PERSISTENT foreign currency challenges affected network deployment and maintenance in the first quarter of the year with the telecommunications industry reporting mixed performance.
Zimbabwe has been struggling with foreign currency shortages in the past decade, compromising economic growth as industry experienced difficulties in securing foreign credit lines as well as settling offshore debts.
The depreciating Zimbabwean dollar has also dealt a severe blow, making access to foreign currency more expensive.
Postal and Telecommunications Regulatory Authority of Zimbabwe (Potraz) director-general Gift Machengete, in a first-quarter telecommunications sector report, said deployment and maintenance of the telecoms network was hampered as spare parts, equipment and vendor support fees required foreign currency.
“Furthermore, the credit crunch also negatively affected network expansion. The high cost of International Internet connectivity remains a challenge as Zimbabwe is a landlocked country, accessing bandwidth from undersea cables via Mozambique and South Africa,” he said.
The performance of the sector continues to be dependent on the economic environment which impacts the sector through service demand and consumption levels, operating costs and investment. Given the current inflationary pressures in the economy, operating cost containment will be critical if operators are to achieve profitability, as the increase in operating costs poses a threat to operator viability.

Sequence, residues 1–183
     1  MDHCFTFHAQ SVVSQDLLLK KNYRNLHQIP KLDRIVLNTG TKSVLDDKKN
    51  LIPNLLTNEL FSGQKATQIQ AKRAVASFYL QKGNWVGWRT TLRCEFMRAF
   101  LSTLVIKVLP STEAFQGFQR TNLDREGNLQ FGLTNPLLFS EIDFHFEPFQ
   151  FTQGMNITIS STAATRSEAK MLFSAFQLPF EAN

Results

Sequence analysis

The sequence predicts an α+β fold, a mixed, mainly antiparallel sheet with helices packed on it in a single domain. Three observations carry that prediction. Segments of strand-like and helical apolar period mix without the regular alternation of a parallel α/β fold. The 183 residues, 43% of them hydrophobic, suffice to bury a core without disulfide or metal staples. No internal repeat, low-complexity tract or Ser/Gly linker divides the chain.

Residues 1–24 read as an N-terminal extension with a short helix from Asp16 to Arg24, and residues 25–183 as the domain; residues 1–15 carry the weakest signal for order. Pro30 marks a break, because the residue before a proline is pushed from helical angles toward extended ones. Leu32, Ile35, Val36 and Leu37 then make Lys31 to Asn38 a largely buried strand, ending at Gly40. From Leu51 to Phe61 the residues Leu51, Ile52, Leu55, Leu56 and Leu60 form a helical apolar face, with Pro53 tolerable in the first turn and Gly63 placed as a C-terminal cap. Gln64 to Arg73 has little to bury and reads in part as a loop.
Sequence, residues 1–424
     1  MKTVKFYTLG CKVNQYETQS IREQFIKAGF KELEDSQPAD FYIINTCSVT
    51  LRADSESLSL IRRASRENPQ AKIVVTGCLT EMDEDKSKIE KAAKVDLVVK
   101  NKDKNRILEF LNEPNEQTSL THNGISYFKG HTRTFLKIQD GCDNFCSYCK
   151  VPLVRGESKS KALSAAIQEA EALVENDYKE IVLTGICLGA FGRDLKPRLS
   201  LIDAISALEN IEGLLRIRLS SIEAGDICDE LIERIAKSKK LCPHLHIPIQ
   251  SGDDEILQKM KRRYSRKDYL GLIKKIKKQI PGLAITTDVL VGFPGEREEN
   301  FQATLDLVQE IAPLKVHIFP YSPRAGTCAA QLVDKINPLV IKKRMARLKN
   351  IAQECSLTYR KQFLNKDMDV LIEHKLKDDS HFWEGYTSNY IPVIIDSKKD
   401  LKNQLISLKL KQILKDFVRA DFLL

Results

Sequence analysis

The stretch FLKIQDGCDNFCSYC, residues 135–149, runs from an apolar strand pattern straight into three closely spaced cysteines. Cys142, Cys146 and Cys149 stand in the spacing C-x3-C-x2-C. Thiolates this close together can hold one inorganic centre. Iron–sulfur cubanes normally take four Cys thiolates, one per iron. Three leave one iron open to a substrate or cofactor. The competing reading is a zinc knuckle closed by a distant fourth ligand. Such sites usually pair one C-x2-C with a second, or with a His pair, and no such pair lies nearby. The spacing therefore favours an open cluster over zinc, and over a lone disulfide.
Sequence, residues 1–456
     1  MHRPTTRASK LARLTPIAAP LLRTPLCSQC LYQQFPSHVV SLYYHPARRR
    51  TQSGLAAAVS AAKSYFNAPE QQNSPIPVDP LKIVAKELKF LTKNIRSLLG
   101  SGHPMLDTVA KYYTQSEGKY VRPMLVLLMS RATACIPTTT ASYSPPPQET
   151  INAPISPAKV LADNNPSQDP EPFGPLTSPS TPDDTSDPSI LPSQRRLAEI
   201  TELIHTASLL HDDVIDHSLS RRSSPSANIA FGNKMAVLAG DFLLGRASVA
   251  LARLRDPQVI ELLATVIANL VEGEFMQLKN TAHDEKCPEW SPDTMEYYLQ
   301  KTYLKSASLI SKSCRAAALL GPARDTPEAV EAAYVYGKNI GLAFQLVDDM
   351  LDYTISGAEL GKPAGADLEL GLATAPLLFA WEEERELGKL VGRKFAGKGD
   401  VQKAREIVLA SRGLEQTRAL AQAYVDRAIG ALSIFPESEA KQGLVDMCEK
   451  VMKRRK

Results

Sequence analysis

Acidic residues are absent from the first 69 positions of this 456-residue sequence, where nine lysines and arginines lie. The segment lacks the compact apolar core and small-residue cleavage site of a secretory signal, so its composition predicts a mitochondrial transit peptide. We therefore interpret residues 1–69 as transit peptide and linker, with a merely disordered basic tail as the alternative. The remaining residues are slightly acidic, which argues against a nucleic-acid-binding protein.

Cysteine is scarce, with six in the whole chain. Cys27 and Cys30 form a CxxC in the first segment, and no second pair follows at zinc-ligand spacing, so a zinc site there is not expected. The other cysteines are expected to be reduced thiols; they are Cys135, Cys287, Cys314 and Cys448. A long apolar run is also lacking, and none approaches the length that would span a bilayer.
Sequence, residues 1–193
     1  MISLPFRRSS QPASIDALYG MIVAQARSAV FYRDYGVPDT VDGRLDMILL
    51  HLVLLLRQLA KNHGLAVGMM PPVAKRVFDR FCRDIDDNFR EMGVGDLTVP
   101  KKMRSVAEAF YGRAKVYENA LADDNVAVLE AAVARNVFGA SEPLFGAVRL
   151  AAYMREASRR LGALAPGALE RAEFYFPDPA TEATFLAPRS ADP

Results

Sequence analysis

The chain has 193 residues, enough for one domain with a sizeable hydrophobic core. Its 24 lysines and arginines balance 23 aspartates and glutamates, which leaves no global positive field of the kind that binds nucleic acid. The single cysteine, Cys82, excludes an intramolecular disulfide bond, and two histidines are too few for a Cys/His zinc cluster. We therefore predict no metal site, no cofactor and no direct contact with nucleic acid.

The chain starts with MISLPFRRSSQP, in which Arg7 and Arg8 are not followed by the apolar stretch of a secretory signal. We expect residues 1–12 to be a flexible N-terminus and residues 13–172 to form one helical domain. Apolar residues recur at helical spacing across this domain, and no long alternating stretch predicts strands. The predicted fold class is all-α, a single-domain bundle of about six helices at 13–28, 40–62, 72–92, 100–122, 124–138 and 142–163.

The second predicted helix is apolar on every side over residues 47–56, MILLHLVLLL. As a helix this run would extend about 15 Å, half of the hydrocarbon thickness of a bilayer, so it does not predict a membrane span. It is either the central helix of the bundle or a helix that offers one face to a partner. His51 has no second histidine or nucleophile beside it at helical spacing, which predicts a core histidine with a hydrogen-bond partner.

During the period under review, the sector recorded mixed performance with reasonable growth in some areas, but with notable declines in fixed voice subscriptions, data and internet subscriptions as well as voice traffic. The number of active mobile subscriptions increased by 4% to 13 724 522 from 13 195 902 recorded in the fourth quarter of 2019. The mobile penetration rate increased by 3,6% to reach 94,2% from 90,6%.
On the other hand, the number of active fixed telephone lines declined by 1,8% to 260 959 from 265 734 recorded in the fourth quarter of 2019 while the fixed teledensity remained 1,8%.
Machengete said fixed telephone subscriptions have been fluctuating over the years owing to the increased adoption of Voice over Internet Protocol (VoIP) and mobile telephony by corporates and households alike.
The sector witnessed a 2,5% decline in data and internet subscriptions to 8 614 401 from 8 836 299 recorded in the previous quarter, resulting in the internet penetration rate declining by 0,7% to reach 59,1% from 60,6% recorded in the previous quarter. The overall decline in data and internet subscriptions was attributed to the 2,6% decline in active mobile internet and data subscriptions.
The period was characterised by growth in revenue generated by the mobile telephone networks which grew by 26,2% to record ZW$2,1 billion in the first quarter of 2020 from ZW$1,65 billion recorded in the fourth quarter of 2019.
The use of Over-the-Top services, such as WhatsApp, Skype and Viber is expected to grow in the current economic environment as consumers cut back on communication expenditure.
“The principal cause of the decline in letter volumes has been the substitution of paper communication by electronic methods (e-substitution),” Machengete said.